We are getting 2 DS3's in the next few months and we are going to load balance them. What is the difference between a full routing table and a partial routing table from the ISP? How much RAM should I have for each option?
With full routes from the ISP you receive the complete Internet routing table (which is nearing 250,000 entries). It gives you the most detailed view of routing alternatives, allows you to make routing decisions based on the most complete information available, and consumes the most resources on your router. With partial routing table the provider will send you only some of the routes in the Internet routing table (frequently the set of routes from them and their peering partners, but other selection criteria are possible). It allows you to choose the closest path when that is known and to use a default route for everything else. You are operating with somewhat less detailed information but require significantly less memory and other router resources to run.
I would not consider running full routes with less than 256 of memory and would greatly prefer 512.
We have 2 3845 with 256mb each. Each will support IBGP and EBGP with OSPF. That is all the function they will do, so 512 will be more then enough for the full table and support the other fuctions?
I agree with Rick. 256MB is not enough and 512MB is just nice. I use 3845 with 512MB, upgraded 3745 from 256MB to 512MB as well, they rocks!
To add, don't forget to filter the following:
- Prefixes that you will accept (i.e. I use /24). Some upstreams may accidentally advertise longer prefixes to you from /25 to /32 usually coming from their broadband services (they eat your router memory)
- IN/OUT ACL to avoid becoming a transit if you are NOT
These links may help provide some basic BGP security:
in an example from the the book BGP by Iljitsch jvan Beijnum a filter list is implemented to filter out all routes with an AS PAth longer than 7. The reasoning for this figure is that "if a possible path is long, it's unlikely that it's the best path anyway, so if you have to filter, this is a reasonable way to do it. A limit of seven AS hops seems to work well in most cases, but this will vary from network to network. Experiment if necessary."
router bgp [your AS]
neighbor [your ISP] filter-list 1 in
ip as-path access-list deny .+_.+_.+_.+_.+_.+_.+_
ip as-path access-list 1 permit .*
This is an interesting perspective. In my experience most of the ISPs offer an option to send the full routing table or an option to send partial routing table where they have applied selection criteria about what to include. This approach assumes that the ISP will send the full table and allows the customer to determine the selection criteria.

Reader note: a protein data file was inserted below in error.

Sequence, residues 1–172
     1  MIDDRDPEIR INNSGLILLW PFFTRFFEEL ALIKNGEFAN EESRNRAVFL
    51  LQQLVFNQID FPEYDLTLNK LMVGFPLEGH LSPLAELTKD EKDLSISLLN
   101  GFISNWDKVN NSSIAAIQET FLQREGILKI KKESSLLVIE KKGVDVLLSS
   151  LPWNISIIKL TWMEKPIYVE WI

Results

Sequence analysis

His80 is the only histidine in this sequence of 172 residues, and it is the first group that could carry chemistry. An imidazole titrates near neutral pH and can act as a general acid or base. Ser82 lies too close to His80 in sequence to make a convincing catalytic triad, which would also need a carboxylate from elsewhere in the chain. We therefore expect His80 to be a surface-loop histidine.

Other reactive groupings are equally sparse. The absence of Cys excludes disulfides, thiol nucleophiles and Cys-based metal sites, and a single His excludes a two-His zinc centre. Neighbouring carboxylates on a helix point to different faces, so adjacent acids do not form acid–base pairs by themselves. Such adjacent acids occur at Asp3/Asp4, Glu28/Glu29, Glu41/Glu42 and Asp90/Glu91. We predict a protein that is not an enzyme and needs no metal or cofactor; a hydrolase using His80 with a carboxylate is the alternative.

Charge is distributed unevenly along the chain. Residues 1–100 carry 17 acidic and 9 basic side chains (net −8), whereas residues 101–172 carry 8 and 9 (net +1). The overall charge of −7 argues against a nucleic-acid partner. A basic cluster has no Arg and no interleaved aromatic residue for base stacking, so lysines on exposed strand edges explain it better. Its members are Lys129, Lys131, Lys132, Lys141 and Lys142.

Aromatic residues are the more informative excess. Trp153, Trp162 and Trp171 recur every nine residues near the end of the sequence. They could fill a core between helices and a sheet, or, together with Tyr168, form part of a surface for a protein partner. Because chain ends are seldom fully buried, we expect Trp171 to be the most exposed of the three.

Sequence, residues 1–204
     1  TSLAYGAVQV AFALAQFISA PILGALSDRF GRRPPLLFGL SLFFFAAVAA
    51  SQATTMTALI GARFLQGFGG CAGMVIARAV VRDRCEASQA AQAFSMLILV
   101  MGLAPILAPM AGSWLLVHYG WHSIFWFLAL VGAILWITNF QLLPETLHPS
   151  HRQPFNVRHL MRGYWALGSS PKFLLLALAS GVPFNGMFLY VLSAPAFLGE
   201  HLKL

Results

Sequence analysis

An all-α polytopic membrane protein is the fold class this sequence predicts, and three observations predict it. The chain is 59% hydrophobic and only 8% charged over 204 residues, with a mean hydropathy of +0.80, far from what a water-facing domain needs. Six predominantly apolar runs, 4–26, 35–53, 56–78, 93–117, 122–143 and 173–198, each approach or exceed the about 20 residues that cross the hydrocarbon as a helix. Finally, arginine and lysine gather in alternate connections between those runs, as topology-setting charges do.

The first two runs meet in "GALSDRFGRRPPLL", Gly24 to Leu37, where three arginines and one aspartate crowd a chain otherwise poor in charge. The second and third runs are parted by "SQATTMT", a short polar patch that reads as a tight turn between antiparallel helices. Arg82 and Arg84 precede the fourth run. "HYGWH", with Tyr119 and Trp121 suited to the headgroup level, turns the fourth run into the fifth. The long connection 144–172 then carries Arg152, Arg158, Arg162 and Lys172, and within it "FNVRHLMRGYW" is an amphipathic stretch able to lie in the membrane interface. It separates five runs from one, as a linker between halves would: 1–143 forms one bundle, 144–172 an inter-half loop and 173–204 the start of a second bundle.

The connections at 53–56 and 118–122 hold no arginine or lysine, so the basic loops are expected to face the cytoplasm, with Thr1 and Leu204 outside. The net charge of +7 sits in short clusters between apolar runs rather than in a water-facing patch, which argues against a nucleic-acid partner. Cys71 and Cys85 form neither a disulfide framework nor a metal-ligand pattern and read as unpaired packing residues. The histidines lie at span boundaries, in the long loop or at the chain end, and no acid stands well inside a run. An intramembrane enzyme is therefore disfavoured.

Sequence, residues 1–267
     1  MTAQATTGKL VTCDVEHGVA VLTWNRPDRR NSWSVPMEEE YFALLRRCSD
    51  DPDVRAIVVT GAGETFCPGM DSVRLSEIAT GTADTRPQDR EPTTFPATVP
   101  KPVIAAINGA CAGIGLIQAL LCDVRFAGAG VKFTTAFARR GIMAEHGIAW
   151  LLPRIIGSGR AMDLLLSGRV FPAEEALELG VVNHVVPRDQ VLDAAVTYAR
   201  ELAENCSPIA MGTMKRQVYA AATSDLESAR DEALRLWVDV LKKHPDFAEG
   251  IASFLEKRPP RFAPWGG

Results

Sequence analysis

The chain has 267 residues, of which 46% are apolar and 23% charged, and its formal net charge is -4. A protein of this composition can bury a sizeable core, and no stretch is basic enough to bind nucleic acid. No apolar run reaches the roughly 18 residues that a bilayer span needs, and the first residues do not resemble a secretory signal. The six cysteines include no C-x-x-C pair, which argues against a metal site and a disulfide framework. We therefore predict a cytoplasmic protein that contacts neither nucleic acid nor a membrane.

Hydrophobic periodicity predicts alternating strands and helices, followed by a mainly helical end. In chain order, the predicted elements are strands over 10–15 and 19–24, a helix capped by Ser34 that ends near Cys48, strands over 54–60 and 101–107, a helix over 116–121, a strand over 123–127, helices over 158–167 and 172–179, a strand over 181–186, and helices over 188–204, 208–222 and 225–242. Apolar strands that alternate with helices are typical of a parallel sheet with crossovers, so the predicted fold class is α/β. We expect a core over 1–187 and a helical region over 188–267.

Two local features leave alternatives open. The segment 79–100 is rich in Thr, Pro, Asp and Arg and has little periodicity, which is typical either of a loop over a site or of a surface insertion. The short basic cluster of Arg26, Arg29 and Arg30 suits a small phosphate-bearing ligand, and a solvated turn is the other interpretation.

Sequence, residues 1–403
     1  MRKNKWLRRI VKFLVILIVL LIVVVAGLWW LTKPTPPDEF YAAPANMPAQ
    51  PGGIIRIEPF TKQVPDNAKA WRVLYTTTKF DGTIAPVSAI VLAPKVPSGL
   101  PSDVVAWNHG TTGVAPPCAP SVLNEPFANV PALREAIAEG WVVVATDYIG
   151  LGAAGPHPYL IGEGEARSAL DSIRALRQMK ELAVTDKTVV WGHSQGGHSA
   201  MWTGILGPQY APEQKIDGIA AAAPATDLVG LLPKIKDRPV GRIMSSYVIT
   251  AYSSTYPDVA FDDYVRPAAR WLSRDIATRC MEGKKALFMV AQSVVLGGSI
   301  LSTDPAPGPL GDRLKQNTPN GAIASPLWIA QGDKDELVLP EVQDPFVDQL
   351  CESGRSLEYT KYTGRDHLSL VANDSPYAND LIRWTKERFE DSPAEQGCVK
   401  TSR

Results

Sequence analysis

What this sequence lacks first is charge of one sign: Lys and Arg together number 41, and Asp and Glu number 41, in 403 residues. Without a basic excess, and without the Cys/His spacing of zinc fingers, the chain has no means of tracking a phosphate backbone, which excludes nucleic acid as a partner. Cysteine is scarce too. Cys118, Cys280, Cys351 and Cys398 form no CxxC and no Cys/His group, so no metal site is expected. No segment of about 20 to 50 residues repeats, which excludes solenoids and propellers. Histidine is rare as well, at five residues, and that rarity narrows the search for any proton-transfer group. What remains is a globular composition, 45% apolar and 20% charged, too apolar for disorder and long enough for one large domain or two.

In either case the underlying logic is that it makes more difference whether you use ISP 1 or ISP 2 when an AS path is short but as AS path gets longer it makes less difference which ISP you use.
I recommend limiting yourself to customer and longer + default routes, then using Optimized Edge Routing/Performance Routing to make far more informed decisions about the quality of an individual path being used to a destination prefix.
AS Path really can be meaningless, conceivably I could have one large AS that spans the globe and gets me to California via Amsterdam, India, and Tokyo but is still just one AS hop away. That does you little good in getting your money's worth of two providers and all those routes.
OER is an awesome feature and I think you will benefit from considering it.
Your DS3's are they coming from 2 seperate providers or the same and are they in the same POP or different paths?
I see that you are going to use 2 seperate routers, what are you going to run between these two for connectivity or are they going to be for failover purposes?
What are you looking to do, BGP may not be your best option depending on what you are wanting to accomplish.
Per a conversation with a Cisco engineer .... This is what they suggested.
BGP between on serial ports for both 3845 to the ISP, Then on 3845 G0/1 IBGP to watch for failure. Then on G0/0 OSPF from 3845's to ASA 5510's. That is the suggestion/recommendations from Cisco.
We have two different ISP connections to provide the BGP. We are going to have both ISP advertise each other's routes. We are looking for redundancy so if one ISP fails the other will pick up without any intervention on our end and all routers will have a second VPN connection to one of the routers.
Ok, with your set-up you will need your own AS and I would get your own IP space too. This will take some time to get so start now. Since you are going to be multi-homed you will need to get your own AS number.
Then once that is done you make your announcements out each peer how you want and make sure your ISP is just sending it on with no communities or prepending to their upstreams.
I assume that the IP space is not swiped to you and that the ISP's will not allow you to route their space on another providers backbone. Reason why is they summerize their own IP space to the internet community. You will need your own IP space if you want to route traffic across both links at the same time using BGP and have some sort of load sharing across the two links, unless you are routing one block out one carrier and sending some traffic out that connection and then doing the same thing with the other carrier. In order to maximize your set-up you will need your own IP space from ARIN.